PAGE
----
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This is what the end of overfishing would look like

Two thirds of the world’s fisheries are in bad biological shape, but a new study finds that if sound management policies were put in place, it would take an average of ten years for them to recover.
April 15, 2016

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Two thirds of the world’s fisheries are in bad biological shape, and it is only going to get worse if we continue on our current path. But according to a study published recently in the Proceedings of the National Academy of Sciences, we can fix this mess—and fast. The study found that if sound management policies were put in place, it would take an average of ten years for the world’s fisheries to recover. By mid-century, the authors say, 98 percent of stocks could be healthy.

“There is hope for the world’s fisheries if we can enact the kinds of management policies that we know work and that have worked in parts of the world that were aggressive enough to pursue them,” says lead author Christopher Costello.

The authors assembled the largest-of-its-kind database of 4,713 fisheries, accounting for 78 percent of reported catch. Since abundance data exists for just 397 fisheries (or 43 percent of the fish in the database), the authors used a model they previously developed to estimate abundance for the remaining fisheries. Then, using this baseline estimate, they created bioeconomic models to project how each fishery would fare in terms of catch, profit, and biomass under three different management regimes through 2050. The first is the business-as-usual scenario. In the second, fishing is pursued in a way that maximizes long-term catch. The third is a rights-based fishing management policy, which is oriented at maximizing economic value over time.

The authors found that the rights-based management approach would result in the greatest levels of fish biomass. If it is applied only to fish of conservation concern, it would provide for annual increases of 2 million metric tons (MMT) in catch, $31 billion in profits, and 388 MMT in stocks. If all fish were managed this way, those numbers would be 16MMT, $53 billion, and 619MMT, respectively. The other approach, fishing to maximize long-term catch, would provide for smaller stock increases and fewer profits, but upon full recovery would generate the largest catch.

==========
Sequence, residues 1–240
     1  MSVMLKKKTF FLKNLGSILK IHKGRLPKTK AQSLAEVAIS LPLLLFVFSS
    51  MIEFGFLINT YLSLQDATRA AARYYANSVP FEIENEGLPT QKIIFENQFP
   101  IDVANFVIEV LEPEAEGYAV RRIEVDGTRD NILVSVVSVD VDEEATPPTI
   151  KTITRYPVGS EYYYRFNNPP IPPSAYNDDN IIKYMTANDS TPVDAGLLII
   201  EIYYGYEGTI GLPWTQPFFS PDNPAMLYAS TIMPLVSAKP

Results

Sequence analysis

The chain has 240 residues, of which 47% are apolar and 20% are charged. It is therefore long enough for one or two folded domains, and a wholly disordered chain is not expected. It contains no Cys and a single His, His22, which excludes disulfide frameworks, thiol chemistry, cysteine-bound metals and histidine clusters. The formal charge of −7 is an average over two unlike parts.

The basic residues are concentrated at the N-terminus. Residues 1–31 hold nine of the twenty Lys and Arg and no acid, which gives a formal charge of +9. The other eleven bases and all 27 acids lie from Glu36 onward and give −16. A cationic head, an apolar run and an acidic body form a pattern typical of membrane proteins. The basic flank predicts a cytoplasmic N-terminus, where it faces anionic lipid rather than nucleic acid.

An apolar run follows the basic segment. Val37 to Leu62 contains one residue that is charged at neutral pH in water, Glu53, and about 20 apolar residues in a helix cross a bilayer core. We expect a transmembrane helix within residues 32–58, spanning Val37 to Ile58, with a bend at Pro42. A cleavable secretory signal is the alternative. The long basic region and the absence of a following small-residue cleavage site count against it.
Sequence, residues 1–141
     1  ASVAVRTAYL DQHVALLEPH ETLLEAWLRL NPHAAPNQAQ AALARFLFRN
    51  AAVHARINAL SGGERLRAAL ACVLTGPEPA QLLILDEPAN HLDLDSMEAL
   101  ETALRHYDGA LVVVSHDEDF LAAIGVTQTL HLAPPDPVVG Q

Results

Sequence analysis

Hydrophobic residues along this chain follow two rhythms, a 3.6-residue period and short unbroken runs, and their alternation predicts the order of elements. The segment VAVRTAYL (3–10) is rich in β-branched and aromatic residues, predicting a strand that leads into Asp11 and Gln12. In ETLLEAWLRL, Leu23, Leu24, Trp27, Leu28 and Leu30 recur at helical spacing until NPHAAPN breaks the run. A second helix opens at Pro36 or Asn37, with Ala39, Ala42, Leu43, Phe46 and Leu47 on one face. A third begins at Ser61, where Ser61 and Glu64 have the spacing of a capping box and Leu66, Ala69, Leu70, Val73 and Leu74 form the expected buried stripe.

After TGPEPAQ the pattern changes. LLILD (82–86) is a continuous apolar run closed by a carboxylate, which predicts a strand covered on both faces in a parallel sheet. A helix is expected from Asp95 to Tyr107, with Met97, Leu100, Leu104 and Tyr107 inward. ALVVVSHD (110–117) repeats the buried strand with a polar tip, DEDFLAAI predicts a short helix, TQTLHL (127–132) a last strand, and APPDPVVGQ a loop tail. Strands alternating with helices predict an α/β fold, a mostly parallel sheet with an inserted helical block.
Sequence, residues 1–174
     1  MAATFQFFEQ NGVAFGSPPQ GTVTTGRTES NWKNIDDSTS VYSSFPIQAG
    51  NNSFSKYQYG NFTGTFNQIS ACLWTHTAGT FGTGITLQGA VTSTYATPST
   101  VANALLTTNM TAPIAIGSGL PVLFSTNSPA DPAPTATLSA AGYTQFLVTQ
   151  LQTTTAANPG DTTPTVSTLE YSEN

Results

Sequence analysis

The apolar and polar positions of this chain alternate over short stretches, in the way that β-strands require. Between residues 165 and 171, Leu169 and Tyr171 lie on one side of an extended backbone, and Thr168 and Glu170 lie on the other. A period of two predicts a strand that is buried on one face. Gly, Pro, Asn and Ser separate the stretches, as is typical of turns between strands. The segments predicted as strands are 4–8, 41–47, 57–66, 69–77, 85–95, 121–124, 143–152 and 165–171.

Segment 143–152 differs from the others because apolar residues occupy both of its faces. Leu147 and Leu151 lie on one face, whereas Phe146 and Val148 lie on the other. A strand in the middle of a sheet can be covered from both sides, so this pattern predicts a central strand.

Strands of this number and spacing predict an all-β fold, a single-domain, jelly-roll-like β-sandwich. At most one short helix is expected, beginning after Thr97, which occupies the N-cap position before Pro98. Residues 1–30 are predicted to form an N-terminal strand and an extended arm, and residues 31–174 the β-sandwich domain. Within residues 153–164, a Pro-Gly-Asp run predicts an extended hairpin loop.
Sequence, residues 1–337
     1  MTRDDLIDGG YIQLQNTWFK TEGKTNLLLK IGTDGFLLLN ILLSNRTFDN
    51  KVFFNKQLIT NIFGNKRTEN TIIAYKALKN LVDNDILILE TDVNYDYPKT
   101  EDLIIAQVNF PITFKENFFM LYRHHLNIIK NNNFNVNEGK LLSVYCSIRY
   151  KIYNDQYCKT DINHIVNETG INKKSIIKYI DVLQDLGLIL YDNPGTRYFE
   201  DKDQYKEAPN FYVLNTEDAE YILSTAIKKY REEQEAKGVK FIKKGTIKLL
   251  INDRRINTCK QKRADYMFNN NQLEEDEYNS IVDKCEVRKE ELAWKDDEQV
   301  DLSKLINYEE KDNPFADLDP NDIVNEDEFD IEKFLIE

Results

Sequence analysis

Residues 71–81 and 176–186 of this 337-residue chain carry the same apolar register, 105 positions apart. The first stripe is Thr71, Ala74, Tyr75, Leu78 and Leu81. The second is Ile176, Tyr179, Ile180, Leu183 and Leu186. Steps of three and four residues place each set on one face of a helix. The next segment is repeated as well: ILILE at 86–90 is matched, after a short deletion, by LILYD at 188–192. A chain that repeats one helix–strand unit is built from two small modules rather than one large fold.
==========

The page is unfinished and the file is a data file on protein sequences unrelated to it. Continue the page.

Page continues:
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Dirk Zeller, senior scientist and executive director of the University of British Columbia’s Sea Around Us program, who was not involved in the research, said that while the paper is methodologically sound, its conclusions are rather far-fetched. “That’s like saying if all cars are suddenly (over the next few years) converted to electric, we can…likely achieve our carbon goal within 10 years,” he says. “Although a very appealing idea, it’s not a very likely, realistic scenario everywhere.”

Costello, who is a professor at the Brenn School of Environmental Science and Management at the University of California at Santa Barbara, admits that it would be extremely difficult in many places in the world to make the needed changes. But he hopes that by demonstrating the extent of what is possible, the paper will serve as an impetus to begin the process.

“If they are willing to take the short run costs of getting new rules through, countries can have more fish in the water and more catch for their country,” he says. “It’s powerful message.”


Source: Costello, C. et al. Global fishery prospects under contrasting management regimes (2016). Proceedings of the National Academy of Sciences. DOI: 10.1073/pnas.1520420113
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